The case at bar is similar to Dubose, in which the supreme court found reply testimony was collateral because it would have been inadmissible in the State's case in chief. See Dubose, 288 S.C. at 231, 341 S.E.2d at 788. As previously stated, the trial court did not err in excluding evidence of Stepbrother's prior abuse because it did not provide an alternate source of Victim One's knowledge of the sexual acts in question. Thus, the evidence of Stepbrother's abuse of Victim One was collateral because it would have been inadmissible in Williams's case in chief. Stated differently, Stepbrother's abuse of Victim One was not directly relevant to the ultimate issue in the trial—Williams's guilt or innocence—therefore, Williams was not allowed to introduce extrinsic evidence to impeach Mother's testimony regarding her answers to the ARC intake form. See State v. Mizell, 332 S.C. 273, 274, 282–83, 285, 504 S.E.2d 338, 339, 343–45 (Ct.App.1998) (finding in prosecution for CSC with a minor, reply testimony of a social worker that the defendant's wife, who was the victim's mother, had cancelled several appointments with DSS to see the victim, was collateral and was therefore inadmissible to impeach the wife because the wife's failure to meet scheduled visits was not directly relevant to the issue of the defendant's guilt or innocence of the crimes charged). Because evidence of Victim One's prior abuse by Stepbrother was collateral to the material issue at trial, the trial court did not err in refusing to allow Williams to introduce contradictory evidence to impeach Mother.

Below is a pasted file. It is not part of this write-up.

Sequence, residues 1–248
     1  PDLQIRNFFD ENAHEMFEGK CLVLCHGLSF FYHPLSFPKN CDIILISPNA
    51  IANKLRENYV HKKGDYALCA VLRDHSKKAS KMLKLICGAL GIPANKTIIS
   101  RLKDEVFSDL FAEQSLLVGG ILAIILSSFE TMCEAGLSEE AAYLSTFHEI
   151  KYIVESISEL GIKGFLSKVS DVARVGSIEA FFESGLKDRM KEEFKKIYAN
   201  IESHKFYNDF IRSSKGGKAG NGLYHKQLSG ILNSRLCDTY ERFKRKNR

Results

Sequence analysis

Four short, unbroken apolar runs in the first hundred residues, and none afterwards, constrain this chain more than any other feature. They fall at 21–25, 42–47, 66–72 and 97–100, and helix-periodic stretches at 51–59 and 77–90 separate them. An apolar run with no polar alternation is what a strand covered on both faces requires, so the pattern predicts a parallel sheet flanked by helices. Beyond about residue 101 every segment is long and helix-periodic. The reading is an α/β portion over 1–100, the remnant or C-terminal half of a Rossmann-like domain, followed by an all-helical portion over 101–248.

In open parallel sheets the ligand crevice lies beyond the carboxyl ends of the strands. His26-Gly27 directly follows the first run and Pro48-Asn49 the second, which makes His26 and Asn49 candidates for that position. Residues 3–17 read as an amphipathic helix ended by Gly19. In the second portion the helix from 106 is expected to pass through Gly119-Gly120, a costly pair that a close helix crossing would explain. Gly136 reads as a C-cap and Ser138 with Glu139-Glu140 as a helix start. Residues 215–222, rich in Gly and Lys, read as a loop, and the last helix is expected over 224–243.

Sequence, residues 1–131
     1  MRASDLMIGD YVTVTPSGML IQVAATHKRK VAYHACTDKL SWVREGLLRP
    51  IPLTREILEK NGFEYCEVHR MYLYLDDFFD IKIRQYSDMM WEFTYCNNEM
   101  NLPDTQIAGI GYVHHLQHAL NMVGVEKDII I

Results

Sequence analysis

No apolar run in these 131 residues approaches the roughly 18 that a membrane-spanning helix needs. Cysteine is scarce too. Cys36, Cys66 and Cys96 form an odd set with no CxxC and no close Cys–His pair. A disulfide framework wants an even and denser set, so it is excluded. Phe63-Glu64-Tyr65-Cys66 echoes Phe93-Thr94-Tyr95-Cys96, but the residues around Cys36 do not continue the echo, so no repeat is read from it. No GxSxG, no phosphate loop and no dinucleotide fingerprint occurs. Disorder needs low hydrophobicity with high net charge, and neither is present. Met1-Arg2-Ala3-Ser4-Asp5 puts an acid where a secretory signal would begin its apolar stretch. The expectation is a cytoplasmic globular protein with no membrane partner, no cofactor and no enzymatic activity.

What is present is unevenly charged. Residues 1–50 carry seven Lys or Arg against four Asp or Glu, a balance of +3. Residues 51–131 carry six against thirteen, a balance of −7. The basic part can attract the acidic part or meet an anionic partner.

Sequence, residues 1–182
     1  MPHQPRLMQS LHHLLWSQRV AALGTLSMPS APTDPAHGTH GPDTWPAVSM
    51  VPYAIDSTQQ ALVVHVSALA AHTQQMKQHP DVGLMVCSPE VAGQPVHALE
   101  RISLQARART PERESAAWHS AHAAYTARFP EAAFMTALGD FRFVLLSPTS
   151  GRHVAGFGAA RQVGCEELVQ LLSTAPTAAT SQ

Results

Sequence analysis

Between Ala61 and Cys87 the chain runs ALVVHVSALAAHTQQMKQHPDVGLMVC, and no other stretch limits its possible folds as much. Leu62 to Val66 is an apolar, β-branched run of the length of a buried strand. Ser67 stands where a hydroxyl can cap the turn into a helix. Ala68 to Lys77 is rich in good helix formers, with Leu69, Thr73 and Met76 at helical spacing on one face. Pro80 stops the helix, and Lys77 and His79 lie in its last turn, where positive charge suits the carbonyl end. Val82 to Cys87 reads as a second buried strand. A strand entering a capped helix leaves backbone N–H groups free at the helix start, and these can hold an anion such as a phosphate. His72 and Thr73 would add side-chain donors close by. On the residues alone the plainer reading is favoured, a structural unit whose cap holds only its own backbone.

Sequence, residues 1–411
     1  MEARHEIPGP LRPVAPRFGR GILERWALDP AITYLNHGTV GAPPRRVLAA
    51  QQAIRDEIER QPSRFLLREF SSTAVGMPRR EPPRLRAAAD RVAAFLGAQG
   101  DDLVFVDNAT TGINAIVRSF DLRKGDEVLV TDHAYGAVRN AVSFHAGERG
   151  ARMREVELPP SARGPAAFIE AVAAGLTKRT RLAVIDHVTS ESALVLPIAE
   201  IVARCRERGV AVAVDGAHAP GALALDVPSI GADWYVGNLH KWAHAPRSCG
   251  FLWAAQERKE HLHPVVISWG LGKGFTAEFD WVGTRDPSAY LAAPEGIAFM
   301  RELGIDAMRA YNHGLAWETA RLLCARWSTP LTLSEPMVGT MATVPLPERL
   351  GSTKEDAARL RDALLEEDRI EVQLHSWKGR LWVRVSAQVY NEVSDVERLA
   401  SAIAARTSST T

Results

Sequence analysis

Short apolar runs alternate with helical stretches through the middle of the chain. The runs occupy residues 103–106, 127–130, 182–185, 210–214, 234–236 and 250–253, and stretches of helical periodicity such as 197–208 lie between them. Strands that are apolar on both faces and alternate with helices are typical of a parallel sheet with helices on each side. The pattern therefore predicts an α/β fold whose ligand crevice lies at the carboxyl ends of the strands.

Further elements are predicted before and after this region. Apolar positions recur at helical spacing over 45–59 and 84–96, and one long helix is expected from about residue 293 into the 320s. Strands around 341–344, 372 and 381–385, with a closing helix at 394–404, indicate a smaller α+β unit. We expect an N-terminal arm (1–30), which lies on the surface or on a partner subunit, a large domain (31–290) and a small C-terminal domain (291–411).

Based on the foregoing, the trial court did not abuse its discretion in excluding the evidence regarding Stepbrother's sexual abuse of Victim One. Accordingly, the trial court is
1. At the time of trial, Victim One was seventeen years old and Victim Two was eleven years old.
2. According to its website, “[t]he ARC is a non-profit child abuse evaluation and treatment center.” About ARC, S.C. Dep't of Mental Health, http://www.state.sc.us/dmh/arc/about.html (last visited June 24, 2014).
3. This bench conference was not included in the record on appeal.
4. S.C.Code Ann. § 16–3–659.1 (2003).
5. 340 S.C. 210, 219, 530 S.E.2d 406, 411 (Ct.App.2000) (holding “evidence of a child victim's prior sexual experience is relevant to demonstrate that the defendant is not necessarily the source of the victim's ability to testify about alleged sexual conduct”).
6. State v. Lyle, 125 S.C. 406, 118 S.E. 803 (1923).
WILLIAMS and LOCKEMY, JJ., concur.